Waste management is an important aspect of running every city. The local government is the one responsible in ensuring that the city has effective and efficient practices in disposing of waste. Management of waste is not simply about segregating recyclables, biodegradable and non-biodegradable. The management is a process that involves different actions and devices such as the skip bins we supply that are necessary to safely dispose of waste. It involves activities such as collection from houses or drop points, transport to the waste center, treatment, disposal and monitoring. It also involves monitoring. Like most cities, the city of Adelaide also follows certain practices and guidelines in managing their waste.
City of Adelaide
Adelaide is South Australia’s capital city and is the fifth most populated city in the whole of Australia. Its estimated population is 1.3 million as of June 2014. The city has popular landmarks such as Victoria Square, Elder Park, St. Peter’s Cathedral, Glenelg beach side suburb, and others. With a huge population and several known landmarks, the city really needs to have proper waste management practices and system.
Waste Management System
Adelaide and other cities in Australia follow and implement a general flow of waste management system. It has five steps that include tenancy or dwelling, disposal point, aggregation and storage, bin presentation and collection.
Tenancy or Dwelling
The tenants and residents separate their wastes according to categories. Generally, they are required to separate the recyclables from waste. The physical infrastructure provided by the city government are local storage bins in tenancies or dwelling.
The residents or tenants have the duty of disposing the waste into waste chutes or larger bins. These bins or chutes are situated in assigned areas where there are bigger storage or disposal rooms, chutes, bins or access routes.
Aggregation and Storage
The third step involves the use of an even bigger bins and equipment. The wastes are stored so there is reduction in volume. The physical infrastructure used are storage areas or rooms, balers, compactors and bins.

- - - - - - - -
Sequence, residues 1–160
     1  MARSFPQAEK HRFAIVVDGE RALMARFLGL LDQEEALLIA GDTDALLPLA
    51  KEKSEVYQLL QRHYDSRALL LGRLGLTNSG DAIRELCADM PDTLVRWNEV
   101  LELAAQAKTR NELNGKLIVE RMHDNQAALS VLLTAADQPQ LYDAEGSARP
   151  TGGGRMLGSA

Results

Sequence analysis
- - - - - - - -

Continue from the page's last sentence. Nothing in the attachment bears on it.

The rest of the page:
This step involves relocation of the wastes stored in storage bins. The bins are transported to areas assigned as recycling and collection points. The physical infrastructure used are lifts, trolleys, access routes, and presentation areas or rooms.
This last step involves the emptying of bins or collection of waste for disposal. There are designated external locations where the wastes are disposed. The physical infrastructure used are loading areas, turning areas, access roads and collection vehicles.
These waste management practices and the operational activities and physical infrastructure involved are part of the system implemented in residential areas and cities with medium to high density populations.
Waste and Recycling Collection Services
To systematically enforce the proper waste management system, the city council of Adelaide has been implementing a waste collection and recycling service that involve the use of three different bins. The collection of waste is done on a weekly basis. The council has designated the 140-liter lid bin for the weekly waste collection. The color red is used to distinguish it from other kinds of waste.
The recyclable wastes are collected fortnightly or every two weeks. The council assigned the 240-liter lid bin for recyclables. The color yellow is used for easy identification of the type of waste. Lastly, organic wastes are collected every two weeks also. The 240-liter lid bin is also used. The color is lime green so both the residents and collectors can distinguish it from the bins meant for recyclables.
Aside from the general schedule of collection, the city council also regularly release a calendar of specific schedules for waste collection and recycling. The calendar outlines that particular dates wastes are going to be collected. To help and motivate the residents to perform their duties in so far as the proper waste management is concerned, the city council provides the residents with corn starch liner bags and organics caddy. In this way, they can easily and simply separate food waste from non-biodegradable ones. They also give residents the option to downsize 240-liter bins if these are too big for their waste collection and disposal needs. The smaller bins are designed for residents that have less recycling requirements and have smaller courtyards. Basically, the smaller size is meant for city living lifestyle.
The city of Adelaide is home to majority of the population of South Australia. More than 70% of the state’s populace live in the city. With this, there is really a need to enforce a waste management that is very systematic, efficient and effective. The general guide above should give light to those who are not fully informed.